More importantly, one of their national drinks is Rakia.  Although this can be made of different vegetables, the common stuff generally tastes like black liquorice.  Good for me, I like that taste.

"Due to the potential for fraud, credit cards should be used sparingly and with caution - for example, in large supermarket chains or reputable hotels. Skimming devices, surreptitiously attached to ATMs by criminals, are used to capture credit card information and PIN numbers to make unauthorized charges or withdrawals; these practices are somewhat common in Bulgaria. If you are unsure which bank's ATM to use, a good rule of thumb is to use one located inside of a reputable bank branch. In general, it is best to use cash instead of a credit card."

Brings back memories of Central America...

"It is sad to say that Bulgarians, much like Greeks, have a bad reputation for their smoking habits. Smoking is the national pastime, and evading the fumes of cigarettes is even more difficult than evading exhaust fumes in the streets. Effective June 1, 2012 smoking in all indoor public spaces, including bars and restaurants is banned."

Yea and boo.  As a side note, I've found that in many countries that supposedly have banned smoking inside that it is often still done.  For smokers, 'if you get an ashtray you are OK'.   If not, light a non-smoker on fire.

Under the section marked 'Hospitals', there is a note, "Medical personnel is very good at their job."  Does that make anyone else nervous?

Under the section entitled 'Respect', "For certain people, Macedonia is a sensitive subject to talk about, but feel free to ask your questions, provided you do not discuss it with those more likely to take offence (i.e. nationalists and skinheads). Many Bulgarians feel that Macedonia belongs to Bulgaria, but unless you know the subject and the people you are talking to, just asking questions is the best option."

I had no clue there was any sort of strife between these two countries.  Good to know.

Glancing through the Wikitravel page on Varna didn't really reveal anything useful or that interesting.  Doing a general search on Varna images shows nothing really that special either.  Doesn't look bad but nothing particularly eye catching.  Typical large port city in Europe.  Hopefully, we'll find something nifty once we get there.  Note that getting a place close to the beach - unless you're a big fan of hanging out on a crowded beach - is seldom a good idea.  The places there tend to be more run down and expensive.  Inland is nicer and often cheaper and still within walking distance of the beach should the mood take you.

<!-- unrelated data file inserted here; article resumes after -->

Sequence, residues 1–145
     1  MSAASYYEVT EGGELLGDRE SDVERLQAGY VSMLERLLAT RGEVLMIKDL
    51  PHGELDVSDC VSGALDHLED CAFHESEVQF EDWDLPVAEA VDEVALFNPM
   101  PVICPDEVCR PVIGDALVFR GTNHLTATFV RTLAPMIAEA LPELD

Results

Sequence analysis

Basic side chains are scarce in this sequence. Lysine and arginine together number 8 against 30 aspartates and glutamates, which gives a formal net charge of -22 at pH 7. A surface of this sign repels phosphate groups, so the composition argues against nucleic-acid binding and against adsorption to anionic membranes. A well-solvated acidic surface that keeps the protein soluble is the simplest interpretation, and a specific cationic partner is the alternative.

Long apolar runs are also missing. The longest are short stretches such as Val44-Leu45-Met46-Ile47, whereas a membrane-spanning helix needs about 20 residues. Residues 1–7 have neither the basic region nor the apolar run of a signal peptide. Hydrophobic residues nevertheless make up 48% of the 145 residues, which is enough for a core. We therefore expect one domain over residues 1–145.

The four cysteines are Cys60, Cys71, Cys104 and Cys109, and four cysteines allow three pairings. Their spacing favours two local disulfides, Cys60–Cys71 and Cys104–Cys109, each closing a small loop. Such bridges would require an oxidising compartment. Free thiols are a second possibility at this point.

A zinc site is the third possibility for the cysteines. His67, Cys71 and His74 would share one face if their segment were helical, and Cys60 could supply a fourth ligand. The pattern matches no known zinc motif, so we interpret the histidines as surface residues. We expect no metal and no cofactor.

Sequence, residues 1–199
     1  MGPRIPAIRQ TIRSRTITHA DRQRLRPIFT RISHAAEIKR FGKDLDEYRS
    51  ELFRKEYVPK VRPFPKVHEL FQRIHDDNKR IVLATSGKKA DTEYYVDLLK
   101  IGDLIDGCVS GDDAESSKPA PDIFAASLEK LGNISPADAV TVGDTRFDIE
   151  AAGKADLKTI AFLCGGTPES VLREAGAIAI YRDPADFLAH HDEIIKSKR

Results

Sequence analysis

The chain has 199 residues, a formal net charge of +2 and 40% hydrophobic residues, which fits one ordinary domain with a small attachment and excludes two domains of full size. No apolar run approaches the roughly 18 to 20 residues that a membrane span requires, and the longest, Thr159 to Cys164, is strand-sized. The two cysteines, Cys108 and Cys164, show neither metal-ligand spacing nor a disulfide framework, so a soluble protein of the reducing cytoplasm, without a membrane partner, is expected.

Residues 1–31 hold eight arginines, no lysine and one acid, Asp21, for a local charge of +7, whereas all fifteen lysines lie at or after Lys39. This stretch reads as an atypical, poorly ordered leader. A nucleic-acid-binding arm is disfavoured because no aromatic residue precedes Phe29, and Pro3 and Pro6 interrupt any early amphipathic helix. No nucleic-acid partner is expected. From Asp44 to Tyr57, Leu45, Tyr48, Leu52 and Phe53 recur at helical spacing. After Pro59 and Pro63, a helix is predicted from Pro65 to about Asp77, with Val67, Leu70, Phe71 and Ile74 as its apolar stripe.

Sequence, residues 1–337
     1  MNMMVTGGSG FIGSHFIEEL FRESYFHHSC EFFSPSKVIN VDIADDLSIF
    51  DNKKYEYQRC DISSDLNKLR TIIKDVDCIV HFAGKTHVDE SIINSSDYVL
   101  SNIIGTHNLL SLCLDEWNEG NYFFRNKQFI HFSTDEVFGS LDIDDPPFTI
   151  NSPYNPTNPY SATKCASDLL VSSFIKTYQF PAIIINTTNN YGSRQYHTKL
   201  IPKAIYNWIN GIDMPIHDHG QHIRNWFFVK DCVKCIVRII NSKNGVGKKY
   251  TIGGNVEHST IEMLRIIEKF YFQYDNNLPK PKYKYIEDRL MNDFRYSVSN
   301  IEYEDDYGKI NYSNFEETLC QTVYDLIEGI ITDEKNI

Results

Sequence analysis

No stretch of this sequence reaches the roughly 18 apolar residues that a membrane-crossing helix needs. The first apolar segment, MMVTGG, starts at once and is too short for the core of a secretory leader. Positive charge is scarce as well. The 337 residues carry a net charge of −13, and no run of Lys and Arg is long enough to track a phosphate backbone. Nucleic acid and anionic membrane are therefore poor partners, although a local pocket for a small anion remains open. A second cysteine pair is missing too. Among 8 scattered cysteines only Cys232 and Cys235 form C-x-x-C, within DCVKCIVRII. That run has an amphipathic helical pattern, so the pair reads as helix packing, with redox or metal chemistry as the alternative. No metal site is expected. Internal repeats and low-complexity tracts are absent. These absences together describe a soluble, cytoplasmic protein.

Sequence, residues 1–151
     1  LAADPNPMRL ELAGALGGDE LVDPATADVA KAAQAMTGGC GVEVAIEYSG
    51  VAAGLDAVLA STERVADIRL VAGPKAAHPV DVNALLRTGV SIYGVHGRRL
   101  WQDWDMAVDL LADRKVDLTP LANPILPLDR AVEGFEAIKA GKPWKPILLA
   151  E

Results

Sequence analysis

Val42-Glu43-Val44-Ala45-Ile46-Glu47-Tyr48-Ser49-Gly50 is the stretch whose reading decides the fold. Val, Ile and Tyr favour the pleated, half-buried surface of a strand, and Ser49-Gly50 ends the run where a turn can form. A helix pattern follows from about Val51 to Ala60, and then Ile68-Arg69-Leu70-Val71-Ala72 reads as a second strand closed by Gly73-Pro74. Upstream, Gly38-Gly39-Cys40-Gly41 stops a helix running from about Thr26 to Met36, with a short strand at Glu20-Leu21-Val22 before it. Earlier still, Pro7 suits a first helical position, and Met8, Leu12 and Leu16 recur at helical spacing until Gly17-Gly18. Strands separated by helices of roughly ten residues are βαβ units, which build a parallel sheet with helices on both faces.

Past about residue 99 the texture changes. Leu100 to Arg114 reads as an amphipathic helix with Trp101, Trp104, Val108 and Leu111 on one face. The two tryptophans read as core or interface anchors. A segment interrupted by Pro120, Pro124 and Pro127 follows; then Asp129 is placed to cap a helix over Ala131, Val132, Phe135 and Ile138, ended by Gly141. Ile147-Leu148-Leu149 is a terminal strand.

The important thing when checking out Wikitravel is to note both what is on and missing from it.  For example, the town of Balchik looks pretty cool but it isn't listed on Wikitravel.  This means it is not on the 'tourist trail' - meaning the infrastructure for tourists doesn't exist.  This wouldn't be a problem in Asia where places to stay are still affordable.  However, in Europe you might be screwed.  Checking on a website like Hostelworld shows that the rooms are over thirty dollars.  Note, don't be fooled by the $15 or $17 price tag.  That shows per person.  Try booking just for one and see what happens.

Although I've gone way off the tourist trail in the past (see Nepal) generally all of the interesting stuff to see and tourist infrastructure (hostels, restaurants, etc) are in the popular towns.  Although going off the track sometimes gives unexpected gems, generally it doesn't.  The exceptions come during exception situations - such as when you are living and working there.

Another way to find the tourist trail is to cross reference sites like Hostelworld with it's 'top cities' per country.  In this way I discovered Plovdiv which looks good and Veliko Turnovo which looks like I'd be humping my fat ass up and down steep hills all day.  Since I don't carry my own defibrillator and am still smoking, think I'll give that city a pass.